BMX event pushed out of South Loop

By Patrick Smith

A planned BMX competition in the South Loop was successfully driven out of the neighborhood by neighbors concerned about noise, crowds and pollution.

The Red Bull Stomping Ground competition was planned for May 14 and 15 at an empty lot at the corner of Wells and Harrison streets. The competition is looking for a new location after Alderman Bob Fioretti (2nd Ward) shut down the proposed event. Fioretti opposed the event and went so far as to send a letter concerning the competition to Alderman Walter Burnett (27th Ward), the head of the city’s special events committee, calling the proposal cavalier.

“As interesting and intriguing as it may sound to create an interesting event there … it was just was too much in too short of time,” said Fioretti’s chief of staff, Andy Pierce. “With this event coming to us with such short notice, I don’t think anyone in a leadership position was satisfied with their safety and traffic plans.”

According to Pierce, the Chicago Police Department was not confident it could manage the additional traffic and keep pedestrians safe. Transportation was also a concern, with Red Bull planning for up to 10,000 people, many of them suburban youths, Metra and the Chicago Transit Authority made it clear they did not have resources to increase train service on the days of the competition.

The May 15 event was slated to run from 4 p.m. to 7 p.m. with a concert following the BMX event The competition has been publicized in an extensive series of ads and through a partnership with NBC Chicago. The lot where it was scheduled to occur is a privately owned, grassy yard where residents walk their dogs. It is the site of a demolished train station.

Community activist Enrique Perez said digging up a former train yard was his greatest concern.

“My No. 1 concern was the environmental concern of the land,” Perez said. “Railroad yards generally have dangerous substances under them.”According to Perez, Red Bull representatives told him they did an environmental study of the area and it had been deemed safe, but they would not provide any copies of the study.

Red Bull spokeswoman Jennifer Belongia confirmed the event had been moved, but would not say why.  She did say Red Bull still planned to hold the event in Chicago.

“Red Bull Stomping Ground is still planning to take place on May 14 and 15 and all details of the competition remain the same,” Belongia said in an e-mail response to a phone call from The Chronicle.

Red Bull held a community meeting on the evening of April 23 to present residents with the plan for the competition.

“They wanted to go through with the event,” Perez said of the Red Bull representatives. “A few people there were very much in support of it, but most of the people were against it, local residents especially.”

The opposition of residents swayed Fioretti against Red Bull Stomping Ground. In his letter to Burnett, he wrote Red Bull had not considered the wishes of South Loop residents.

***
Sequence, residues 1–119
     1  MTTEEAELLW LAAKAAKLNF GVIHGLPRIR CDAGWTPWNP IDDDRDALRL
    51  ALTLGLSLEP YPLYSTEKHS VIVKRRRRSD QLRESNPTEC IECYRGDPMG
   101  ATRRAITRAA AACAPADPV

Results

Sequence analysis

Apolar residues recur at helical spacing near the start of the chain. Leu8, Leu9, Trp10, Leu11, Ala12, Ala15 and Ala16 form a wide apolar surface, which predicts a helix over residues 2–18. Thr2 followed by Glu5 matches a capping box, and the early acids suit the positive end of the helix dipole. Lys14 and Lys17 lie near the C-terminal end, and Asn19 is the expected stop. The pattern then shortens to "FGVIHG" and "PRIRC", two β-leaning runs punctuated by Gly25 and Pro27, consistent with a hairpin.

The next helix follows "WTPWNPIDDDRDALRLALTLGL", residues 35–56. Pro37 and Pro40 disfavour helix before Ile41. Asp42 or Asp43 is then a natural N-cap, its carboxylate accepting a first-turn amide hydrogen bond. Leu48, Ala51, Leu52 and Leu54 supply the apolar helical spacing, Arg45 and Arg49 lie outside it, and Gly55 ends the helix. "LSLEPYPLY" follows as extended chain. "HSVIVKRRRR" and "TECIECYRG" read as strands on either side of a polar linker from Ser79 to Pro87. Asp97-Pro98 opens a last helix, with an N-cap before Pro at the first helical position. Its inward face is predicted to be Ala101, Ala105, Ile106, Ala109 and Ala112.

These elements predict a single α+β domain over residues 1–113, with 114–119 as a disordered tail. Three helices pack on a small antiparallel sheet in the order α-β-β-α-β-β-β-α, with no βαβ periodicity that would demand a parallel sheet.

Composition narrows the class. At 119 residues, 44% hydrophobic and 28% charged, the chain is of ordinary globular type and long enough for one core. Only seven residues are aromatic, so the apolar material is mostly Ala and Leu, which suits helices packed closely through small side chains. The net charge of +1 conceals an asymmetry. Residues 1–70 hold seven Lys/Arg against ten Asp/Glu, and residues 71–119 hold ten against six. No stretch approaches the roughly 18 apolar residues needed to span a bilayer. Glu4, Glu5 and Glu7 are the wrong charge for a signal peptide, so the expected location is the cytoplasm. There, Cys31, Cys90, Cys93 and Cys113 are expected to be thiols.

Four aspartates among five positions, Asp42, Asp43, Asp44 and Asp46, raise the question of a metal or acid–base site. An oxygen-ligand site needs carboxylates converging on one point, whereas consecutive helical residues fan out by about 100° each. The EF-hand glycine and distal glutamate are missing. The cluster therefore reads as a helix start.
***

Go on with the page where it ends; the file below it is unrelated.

“Maybe Red Bull should stop and think that not everyone wants a made-for-TV, extreme BMX, rock ’n’ roll and beer expo in their neighborhood,” Fioretti said in his letter to Burnett.

Pierce said it was clear the community was not behind the event, and suggested Red Bull had not gone far enough to find a proper venue.

“The other details that were in the letter had to do with community notification,” Pierce said. “Essentially, neighbors weren’t in support of it, and we have so many other locations in Chicago, whether it be in the park district or universities or empty land the city owns—you know, everything we counted for the Olympics—those are all good locations to have this event.”

Belongia said people interested in updates on the status of the event should check the Web site, but as of April 29, the site was still advertising the event as being held at Wells and Harrison streets and selling $10 tickets for that location, complete with directions to the South Loop spot.

According to Red Bull promotional material, the competition will feature top BMX competitors, including Denis Enarson, Cory Nastazio and Rob Darden.

Along with the environmental concerns, both Perez and Pierce expressed dismay at Red Bull rushing into advertising and planning for the event before they had consulted with the community or received approval from the proper people.

“Don’t you guys have to go through a certain process?” Perez asked rhetorically. He said the first he heard of the event was through the advertising campaign. “Shouldn’t the [community] meeting have occurred before you are advertising for the event?”

Pierce echoed that sentiment.

“If you and I were to do an event of any scale, we would seek and receive the permission before we started advertising and selling tickets, that just makes sense,” Pierce said. “In this case, they just waited too late to go through the city’s formal process.”